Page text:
Chef Bernard Bennett is the culinary visionary behind Okan, soon to be opening at The Bridge.

The Bridge at Calhoun mixed-use building project has finally reached the beginning days of the finish line stage.

It’s a home stretch of refining build-outs and aesthetic details that developer Matt Cunningham and his team were losing faith would ever happen.

“We had this dogged determination to show folks the vision here. But even when you have that unwavering focus, life events around you can crumble the dream,” Cunningham said. “We are in an unprecedented time for commercial development with a volatile economy and a world health pandemic. So, to be able to show off this gorgeous space, it is a huge moment for all of us.”

The $9 million project comprises three buildings united by a coastal architectural style in homage to the original structures that once adorned the corner of Bridge and Calhoun Streets. Cunningham said the goal was to blend the historical look and feel of neighboring buildings while at the same time creating an innovative concept that honors the artistic ingenuity of the Calhoun Street district. 

“It’s been a journey. I thank town officials for giving us the chance to see through the vision here,” Cunningham said of his back-and-forth evolving of the project with entities like the Historic Preservation Commission. “That was healthy and spirited conversation. I understand the concerns. I think we have slowly won over the folks that were averse to the space evolving, and I get their hesitancy. We just had to sell folks on the end goal here and deliver on those promises.”

The guiding creative mandate for The Bridge was “art” as the focus for a mixed residential and commercial build. 

“That takes on many forms, art as a business, culinary artistry and the actual output of the artistic community,” Cunningham said. The two buildings that are most front-facing to the public have framed built-in canvas spaces meant for large murals, with the aim to highlight a rotating lineup of local artists.

“We want to bring beauty to the community, to educate folks on up-and-coming artists and create a marketplace for the artists to spotlight their work,” he said.

Cunningham has high praise for the design partners in the project – Court-Atkins, Shoreline Construction, J. Elder Studio of Savannah and Balfour Beatty out of Charleston. 

“We just couldn’t have hoped to work with a more professional crew that were all aligned in the ultimate goal here,” Cunningham said. 

The first residential tenants have begun moving in after the buildings received certifications of occupancy in mid-October. Six of the 11 residential units are already occupied, according to Cunningham – three full-time tenants and three staged properties that will be used as AirBNBs. 

The commercial side of the project is also taking shape. Two of the six commercial spaces are well into their buildout – a restaurant and a high-end clothier.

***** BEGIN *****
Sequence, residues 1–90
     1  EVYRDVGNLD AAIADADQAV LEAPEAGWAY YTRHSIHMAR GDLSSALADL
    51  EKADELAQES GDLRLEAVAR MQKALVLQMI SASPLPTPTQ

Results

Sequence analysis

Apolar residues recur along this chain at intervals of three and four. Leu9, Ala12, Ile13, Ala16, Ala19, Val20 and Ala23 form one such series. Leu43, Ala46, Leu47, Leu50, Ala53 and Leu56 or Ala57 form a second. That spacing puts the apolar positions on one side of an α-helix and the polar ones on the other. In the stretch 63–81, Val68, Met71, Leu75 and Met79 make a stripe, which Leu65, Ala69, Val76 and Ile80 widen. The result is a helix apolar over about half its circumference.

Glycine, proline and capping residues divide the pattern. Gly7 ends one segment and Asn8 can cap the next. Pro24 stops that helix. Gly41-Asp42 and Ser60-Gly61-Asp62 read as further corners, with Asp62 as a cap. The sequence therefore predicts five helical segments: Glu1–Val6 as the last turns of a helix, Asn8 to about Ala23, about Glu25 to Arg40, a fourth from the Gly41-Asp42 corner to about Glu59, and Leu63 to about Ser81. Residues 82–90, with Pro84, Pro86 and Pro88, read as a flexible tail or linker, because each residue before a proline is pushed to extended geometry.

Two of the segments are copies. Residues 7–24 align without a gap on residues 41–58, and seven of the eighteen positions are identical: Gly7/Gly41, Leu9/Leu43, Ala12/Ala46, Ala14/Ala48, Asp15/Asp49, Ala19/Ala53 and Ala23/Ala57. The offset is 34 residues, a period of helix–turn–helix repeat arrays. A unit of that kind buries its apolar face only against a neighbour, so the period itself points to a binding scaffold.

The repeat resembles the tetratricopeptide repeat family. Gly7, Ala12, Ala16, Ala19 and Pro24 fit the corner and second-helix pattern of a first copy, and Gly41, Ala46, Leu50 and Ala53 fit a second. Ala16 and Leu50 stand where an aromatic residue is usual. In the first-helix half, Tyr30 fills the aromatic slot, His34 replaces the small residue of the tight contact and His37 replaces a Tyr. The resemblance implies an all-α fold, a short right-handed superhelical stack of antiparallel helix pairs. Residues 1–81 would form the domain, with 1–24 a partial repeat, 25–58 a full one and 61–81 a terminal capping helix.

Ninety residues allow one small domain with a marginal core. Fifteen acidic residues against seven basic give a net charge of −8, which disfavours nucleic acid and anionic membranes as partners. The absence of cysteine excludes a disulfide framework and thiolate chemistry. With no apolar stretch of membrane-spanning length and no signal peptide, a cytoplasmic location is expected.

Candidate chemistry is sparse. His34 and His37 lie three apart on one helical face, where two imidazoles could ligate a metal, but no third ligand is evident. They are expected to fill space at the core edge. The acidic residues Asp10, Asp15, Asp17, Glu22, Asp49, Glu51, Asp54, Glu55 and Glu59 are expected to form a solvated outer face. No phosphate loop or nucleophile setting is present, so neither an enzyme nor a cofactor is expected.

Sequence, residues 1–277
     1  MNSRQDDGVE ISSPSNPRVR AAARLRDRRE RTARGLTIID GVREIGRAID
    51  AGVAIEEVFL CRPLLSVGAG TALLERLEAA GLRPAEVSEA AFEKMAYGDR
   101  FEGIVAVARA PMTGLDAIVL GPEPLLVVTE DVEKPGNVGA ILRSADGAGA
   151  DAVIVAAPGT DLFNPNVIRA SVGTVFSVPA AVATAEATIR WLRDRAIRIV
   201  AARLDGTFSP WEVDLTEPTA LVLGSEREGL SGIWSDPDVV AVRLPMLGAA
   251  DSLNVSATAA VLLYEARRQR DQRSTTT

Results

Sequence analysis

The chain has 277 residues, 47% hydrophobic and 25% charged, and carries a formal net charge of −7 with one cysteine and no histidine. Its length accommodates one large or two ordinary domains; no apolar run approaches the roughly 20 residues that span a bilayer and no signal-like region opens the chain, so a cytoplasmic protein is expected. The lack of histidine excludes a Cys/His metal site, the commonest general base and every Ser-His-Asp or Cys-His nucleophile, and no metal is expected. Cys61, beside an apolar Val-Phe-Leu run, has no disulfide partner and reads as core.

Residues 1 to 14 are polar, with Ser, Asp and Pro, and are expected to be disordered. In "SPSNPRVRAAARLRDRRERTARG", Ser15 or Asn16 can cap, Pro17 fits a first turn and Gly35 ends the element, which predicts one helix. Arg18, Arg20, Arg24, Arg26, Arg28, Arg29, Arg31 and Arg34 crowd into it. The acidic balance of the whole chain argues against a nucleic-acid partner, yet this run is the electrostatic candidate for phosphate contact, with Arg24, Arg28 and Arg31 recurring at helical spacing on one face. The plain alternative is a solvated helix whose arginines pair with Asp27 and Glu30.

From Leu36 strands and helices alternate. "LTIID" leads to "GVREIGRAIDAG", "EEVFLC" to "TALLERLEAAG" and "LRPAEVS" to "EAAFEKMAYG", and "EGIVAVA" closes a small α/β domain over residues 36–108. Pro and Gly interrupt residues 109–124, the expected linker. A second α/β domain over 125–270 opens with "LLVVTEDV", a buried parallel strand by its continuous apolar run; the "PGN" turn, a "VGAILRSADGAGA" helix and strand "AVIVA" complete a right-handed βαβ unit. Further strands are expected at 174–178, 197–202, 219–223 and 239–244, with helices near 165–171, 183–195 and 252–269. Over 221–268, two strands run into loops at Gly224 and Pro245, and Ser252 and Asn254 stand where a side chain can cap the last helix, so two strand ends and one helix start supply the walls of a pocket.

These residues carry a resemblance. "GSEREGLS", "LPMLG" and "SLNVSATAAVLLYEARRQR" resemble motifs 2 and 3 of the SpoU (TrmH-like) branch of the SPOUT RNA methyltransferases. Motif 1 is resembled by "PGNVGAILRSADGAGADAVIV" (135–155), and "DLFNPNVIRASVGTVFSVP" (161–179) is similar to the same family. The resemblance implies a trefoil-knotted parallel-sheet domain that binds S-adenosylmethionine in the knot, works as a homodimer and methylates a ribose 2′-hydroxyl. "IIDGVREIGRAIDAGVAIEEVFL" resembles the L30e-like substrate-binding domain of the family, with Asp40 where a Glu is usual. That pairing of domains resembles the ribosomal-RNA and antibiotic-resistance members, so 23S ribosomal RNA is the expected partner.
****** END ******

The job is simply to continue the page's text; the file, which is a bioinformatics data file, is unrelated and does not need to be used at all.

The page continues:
You might have seen the Okan food truck out and about at Lowcountry events. The West Africa-Caribbean cuisine is prepared by Chef Bernard Bennett, an acclaimed Midwest native who worked in Chicago kitchens for the past decade to master his craft. 

Bennett will expand his food truck offerings into The Bridge’s first restaurant space. You can get a preview of what to expect from the menu on Okan’s Instagram, @okanbluffton.

J. Parker Ltd. is a name known more to Coastal Empire residents, with three Savannah-area locations, on Broughton Street, midtown at the Twelve Oaks Shopping Center, and in the Plant Riverside District on River Street. J. Parker has been dressing Savannah men since first opening their doors in 1972 and has recently expanded to offer women’s clothing and outerwear. You can learn about what to expect from the clothier at jparkerltd.com.

Both businesses are aiming for a mid-February 2023 opening. 

“We’re making progress on both storefronts. Timelines are at the mercy of the supply chain, but we’re feeling like early spring is a realistic goal,” Cunningham said. 

The developer is excited about the businesses that are occupying The Bridge, fulfilling the goal to spotlight women and African-American entrepreneurs.

“Working with someone like Chef Bernard, taking that dream from food truck to a brick-and-mortar eatery, it’s exciting. That’s the mission here, to bring new voices to the Lowcountry and have this as a forefront for artistic innovation in Old Town,” Cunningham said.

All six of the commercial spaces are either under contract or in final stages of negotiations. The one other brand that has publicly announced their move to The Bridge is a home décor company out of California, Fiddle + Shine House Market. Cunningham did not have an exact timeline for the retailer, but expects a mid- to late 2023 opening. 

A luxury lingerie shop is slated to occupy the space next to Okan. Cunningham said that agreements are in place and the build-out should begin in the next quarter.

The commercial end of the project is slated to be fully built out by early 2024.

Cunningham said the plan is to have an open house and grand opening party in early spring 2023 to formally christen the space. He hopes that with a series of open spaces on the property, The Bridge will be a hub for community events.

“We are looking for purposeful engagement at every opportunity. We want to have local schools showcase their art on site, to use this property as a living canvas for creativity in all forms,” Cunningham said. 

For more on The Bridge at Calhoun, visit thebridge-collective.com. 

Tim Wood is a veteran journalist based in Bluffton. timwood@blufftonsun.com